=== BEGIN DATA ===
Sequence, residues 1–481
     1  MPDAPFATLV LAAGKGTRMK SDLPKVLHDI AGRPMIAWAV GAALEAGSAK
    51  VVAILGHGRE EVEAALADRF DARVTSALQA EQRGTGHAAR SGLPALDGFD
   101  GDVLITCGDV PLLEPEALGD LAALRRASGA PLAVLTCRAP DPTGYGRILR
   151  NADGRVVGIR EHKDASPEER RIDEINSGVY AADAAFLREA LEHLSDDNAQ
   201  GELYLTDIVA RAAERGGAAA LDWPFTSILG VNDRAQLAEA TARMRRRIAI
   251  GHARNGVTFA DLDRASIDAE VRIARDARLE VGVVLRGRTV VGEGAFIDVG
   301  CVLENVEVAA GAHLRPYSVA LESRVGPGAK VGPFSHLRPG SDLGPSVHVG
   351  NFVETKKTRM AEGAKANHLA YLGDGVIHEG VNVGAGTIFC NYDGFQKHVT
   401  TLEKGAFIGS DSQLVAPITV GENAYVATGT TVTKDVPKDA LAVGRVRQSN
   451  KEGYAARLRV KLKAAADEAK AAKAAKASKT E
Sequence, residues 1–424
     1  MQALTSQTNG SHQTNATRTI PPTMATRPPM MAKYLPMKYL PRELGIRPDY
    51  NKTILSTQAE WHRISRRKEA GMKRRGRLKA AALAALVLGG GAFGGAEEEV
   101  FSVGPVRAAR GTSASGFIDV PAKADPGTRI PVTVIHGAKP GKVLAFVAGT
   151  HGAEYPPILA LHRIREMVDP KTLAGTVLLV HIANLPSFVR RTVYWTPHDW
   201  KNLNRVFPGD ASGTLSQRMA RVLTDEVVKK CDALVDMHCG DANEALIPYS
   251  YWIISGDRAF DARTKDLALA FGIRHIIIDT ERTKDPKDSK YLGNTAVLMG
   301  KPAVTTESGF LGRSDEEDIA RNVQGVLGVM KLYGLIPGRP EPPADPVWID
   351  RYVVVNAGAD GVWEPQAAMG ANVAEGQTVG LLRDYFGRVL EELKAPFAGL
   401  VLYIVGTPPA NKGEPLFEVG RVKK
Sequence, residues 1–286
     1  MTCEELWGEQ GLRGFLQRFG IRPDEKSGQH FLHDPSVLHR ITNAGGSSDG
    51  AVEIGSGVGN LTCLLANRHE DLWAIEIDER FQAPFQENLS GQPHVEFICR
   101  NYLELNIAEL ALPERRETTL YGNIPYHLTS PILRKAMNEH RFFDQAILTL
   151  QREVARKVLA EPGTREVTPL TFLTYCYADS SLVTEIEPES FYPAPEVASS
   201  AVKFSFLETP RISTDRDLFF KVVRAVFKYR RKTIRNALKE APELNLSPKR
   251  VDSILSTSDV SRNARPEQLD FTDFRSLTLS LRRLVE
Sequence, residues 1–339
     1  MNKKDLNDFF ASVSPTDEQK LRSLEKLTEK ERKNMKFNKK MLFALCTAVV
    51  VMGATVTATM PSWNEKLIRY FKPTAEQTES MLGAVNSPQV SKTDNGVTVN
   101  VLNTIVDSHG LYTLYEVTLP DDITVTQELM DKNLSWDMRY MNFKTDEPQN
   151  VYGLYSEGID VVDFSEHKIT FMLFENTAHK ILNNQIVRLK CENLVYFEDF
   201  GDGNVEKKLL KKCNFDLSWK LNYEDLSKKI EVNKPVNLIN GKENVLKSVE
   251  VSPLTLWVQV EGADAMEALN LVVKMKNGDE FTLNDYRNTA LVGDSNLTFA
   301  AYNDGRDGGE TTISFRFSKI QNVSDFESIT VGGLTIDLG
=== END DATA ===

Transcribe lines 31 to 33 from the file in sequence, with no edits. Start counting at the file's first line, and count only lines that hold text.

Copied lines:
    51  VMGATVTATM PSWNEKLIRY FKPTAEQTES MLGAVNSPQV SKTDNGVTVN
   101  VLNTIVDSHG LYTLYEVTLP DDITVTQELM DKNLSWDMRY MNFKTDEPQN
   151  VYGLYSEGID VVDFSEHKIT FMLFENTAHK ILNNQIVRLK CENLVYFEDF